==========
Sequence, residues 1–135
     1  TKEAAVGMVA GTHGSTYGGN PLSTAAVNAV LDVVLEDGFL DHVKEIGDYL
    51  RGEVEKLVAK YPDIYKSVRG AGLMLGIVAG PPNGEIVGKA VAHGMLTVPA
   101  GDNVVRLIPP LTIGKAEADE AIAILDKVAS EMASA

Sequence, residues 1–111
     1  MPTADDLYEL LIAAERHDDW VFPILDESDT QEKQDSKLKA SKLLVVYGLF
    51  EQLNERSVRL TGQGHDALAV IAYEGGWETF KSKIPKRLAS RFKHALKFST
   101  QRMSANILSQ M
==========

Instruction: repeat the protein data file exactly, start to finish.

Sequence, residues 1–135
     1  TKEAAVGMVA GTHGSTYGGN PLSTAAVNAV LDVVLEDGFL DHVKEIGDYL
    51  RGEVEKLVAK YPDIYKSVRG AGLMLGIVAG PPNGEIVGKA VAHGMLTVPA
   101  GDNVVRLIPP LTIGKAEADE AIAILDKVAS EMASA

Sequence, residues 1–111
     1  MPTADDLYEL LIAAERHDDW VFPILDESDT QEKQDSKLKA SKLLVVYGLF
    51  EQLNERSVRL TGQGHDALAV IAYEGGWETF KSKIPKRLAS RFKHALKFST
   101  QRMSANILSQ M